- Never write your PIN on the back of your ATM/Debit Card or Credit Card.
- Frequently change your passwords.
- Use a combination of numbers and letters for passwords, and never use easy-to-guess passwords or any series of consecutive numbers. Avoid selecting PIN’s and passwords that will be easy for an identity thief to figure out. (i.e. never use any part of your Social Security Number, birth date, middle name, spouse's name, child's name, pet's name, mother's maiden name, your address, consecutive numbers, or anything a thief could easily deduce or discover.)
- Do not carry PIN’s and passwords in your wallet or purse or keep them near your checkbook, credit cards, or ATM/Debit Cards.
Wallets and Purses
- Do not carry more checks, credit cards, ATM/Debit Cards and other bank items in your wallet or purse than you really expect to need.
- Do not carry your Social Security number in your wallet or purse.
- Never leave your purse or wallet unattended, even for a minute. (Airport security lines create new challenges. Attempt to minimize the time your purse or wallet is out of sight.)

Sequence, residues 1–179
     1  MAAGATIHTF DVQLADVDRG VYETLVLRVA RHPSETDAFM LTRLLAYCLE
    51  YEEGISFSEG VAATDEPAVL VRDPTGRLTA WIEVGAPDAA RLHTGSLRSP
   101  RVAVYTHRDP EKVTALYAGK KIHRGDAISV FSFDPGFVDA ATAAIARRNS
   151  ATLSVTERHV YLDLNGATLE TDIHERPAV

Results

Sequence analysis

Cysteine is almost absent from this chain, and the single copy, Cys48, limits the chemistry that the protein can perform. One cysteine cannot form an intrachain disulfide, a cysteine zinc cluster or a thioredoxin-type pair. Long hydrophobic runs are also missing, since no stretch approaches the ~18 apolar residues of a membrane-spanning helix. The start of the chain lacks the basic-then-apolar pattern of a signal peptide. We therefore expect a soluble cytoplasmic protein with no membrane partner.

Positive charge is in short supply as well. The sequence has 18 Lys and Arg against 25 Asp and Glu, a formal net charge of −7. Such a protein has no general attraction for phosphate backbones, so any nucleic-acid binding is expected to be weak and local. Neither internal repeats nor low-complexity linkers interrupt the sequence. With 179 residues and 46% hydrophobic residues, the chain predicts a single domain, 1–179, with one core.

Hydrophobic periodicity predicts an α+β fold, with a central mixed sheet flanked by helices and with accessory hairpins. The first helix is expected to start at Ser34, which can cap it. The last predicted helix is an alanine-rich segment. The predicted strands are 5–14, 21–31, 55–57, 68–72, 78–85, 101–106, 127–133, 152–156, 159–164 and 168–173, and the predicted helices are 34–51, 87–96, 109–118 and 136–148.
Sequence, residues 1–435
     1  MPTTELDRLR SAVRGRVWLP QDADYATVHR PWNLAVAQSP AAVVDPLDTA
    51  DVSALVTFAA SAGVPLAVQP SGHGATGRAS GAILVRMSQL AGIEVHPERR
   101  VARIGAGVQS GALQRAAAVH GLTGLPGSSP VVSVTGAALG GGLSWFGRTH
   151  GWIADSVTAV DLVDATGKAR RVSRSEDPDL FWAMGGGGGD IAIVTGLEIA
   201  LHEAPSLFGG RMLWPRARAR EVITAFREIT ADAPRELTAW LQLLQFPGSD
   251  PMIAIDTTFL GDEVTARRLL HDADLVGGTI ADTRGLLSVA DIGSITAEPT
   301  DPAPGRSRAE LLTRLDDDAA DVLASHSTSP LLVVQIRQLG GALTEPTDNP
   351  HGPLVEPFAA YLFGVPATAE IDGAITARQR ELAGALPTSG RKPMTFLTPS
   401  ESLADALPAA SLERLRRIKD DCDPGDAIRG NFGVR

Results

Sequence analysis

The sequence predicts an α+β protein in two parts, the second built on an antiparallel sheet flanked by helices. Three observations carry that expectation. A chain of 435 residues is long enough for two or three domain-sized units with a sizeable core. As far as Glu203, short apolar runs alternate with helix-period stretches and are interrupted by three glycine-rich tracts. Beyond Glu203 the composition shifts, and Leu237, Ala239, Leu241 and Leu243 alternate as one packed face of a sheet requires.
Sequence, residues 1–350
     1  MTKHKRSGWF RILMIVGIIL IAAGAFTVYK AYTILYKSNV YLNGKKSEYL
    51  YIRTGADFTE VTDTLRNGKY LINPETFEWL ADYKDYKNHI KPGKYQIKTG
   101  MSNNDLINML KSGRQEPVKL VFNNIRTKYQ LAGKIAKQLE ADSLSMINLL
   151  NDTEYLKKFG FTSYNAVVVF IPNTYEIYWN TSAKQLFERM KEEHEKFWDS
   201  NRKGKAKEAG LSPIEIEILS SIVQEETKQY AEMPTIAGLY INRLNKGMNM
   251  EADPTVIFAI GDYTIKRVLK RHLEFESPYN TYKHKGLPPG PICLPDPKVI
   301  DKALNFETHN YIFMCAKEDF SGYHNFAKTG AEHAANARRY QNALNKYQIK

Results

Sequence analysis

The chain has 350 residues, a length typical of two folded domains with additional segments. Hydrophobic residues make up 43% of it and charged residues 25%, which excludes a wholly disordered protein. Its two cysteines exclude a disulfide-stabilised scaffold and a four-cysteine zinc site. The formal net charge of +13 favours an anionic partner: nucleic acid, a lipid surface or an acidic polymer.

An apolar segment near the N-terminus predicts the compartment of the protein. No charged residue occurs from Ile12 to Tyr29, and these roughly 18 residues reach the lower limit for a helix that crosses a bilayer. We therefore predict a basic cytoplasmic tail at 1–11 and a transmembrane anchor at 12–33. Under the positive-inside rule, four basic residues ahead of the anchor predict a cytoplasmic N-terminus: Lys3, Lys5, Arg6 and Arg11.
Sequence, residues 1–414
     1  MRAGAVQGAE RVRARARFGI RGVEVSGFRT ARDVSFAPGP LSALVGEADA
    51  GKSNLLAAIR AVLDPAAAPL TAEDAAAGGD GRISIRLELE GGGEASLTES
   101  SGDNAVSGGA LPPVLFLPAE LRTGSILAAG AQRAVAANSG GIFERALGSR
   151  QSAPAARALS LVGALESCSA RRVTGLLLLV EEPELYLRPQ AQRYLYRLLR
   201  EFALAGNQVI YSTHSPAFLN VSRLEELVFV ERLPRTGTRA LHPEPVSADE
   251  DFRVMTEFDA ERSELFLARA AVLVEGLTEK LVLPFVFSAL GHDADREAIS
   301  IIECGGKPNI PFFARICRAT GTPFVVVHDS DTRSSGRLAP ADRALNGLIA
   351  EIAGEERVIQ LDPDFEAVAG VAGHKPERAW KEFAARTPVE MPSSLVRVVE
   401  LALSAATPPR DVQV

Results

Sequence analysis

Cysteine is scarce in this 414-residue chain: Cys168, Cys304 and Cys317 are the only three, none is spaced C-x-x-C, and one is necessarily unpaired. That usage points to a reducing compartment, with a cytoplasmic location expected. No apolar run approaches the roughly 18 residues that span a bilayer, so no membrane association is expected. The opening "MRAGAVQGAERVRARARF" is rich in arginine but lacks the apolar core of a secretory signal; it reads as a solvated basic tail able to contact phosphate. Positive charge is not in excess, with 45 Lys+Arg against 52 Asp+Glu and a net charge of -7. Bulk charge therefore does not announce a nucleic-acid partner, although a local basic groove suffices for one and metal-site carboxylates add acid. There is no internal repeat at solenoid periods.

- Use common sense and be suspicious when things do not seem right.
- Be suspicious of any proposed transaction that requires you to send an advance payment or deposit by wire transfer.
- Shred documents containing Social Security Numbers, account numbers, or debit/credit card numbers.
- Choose to do business with companies that are reputable. Of particular concern are those with whom you deal online.
- Never use public computers at libraries, internet cafes etc, to view financial information or to conduct financial transactions.
Steps to Follow When You Think You Are a Victim
- File a police report and call the Federal Trade Commission's toll-free "Identity Theft Hotline" at 1-877-438-4338.
- Notify the three credit bureau's fraud departments. Request that a "fraud alert" be placed in your file, as well as a victim's statement asking that creditors call you before opening any new accounts. Equifax (800) 525-6285 Experian (888) 397-3742 TransUnion (800) 680-7289
- Notify the Social Security Administration: (800) 269-0271
- Request a copy of your credit report. Credit reports are free to fraud victims.
- Contact your creditors for any accounts that have been opened fraudulently.
- Close your accounts and obtain new credit, debit and ATM cards.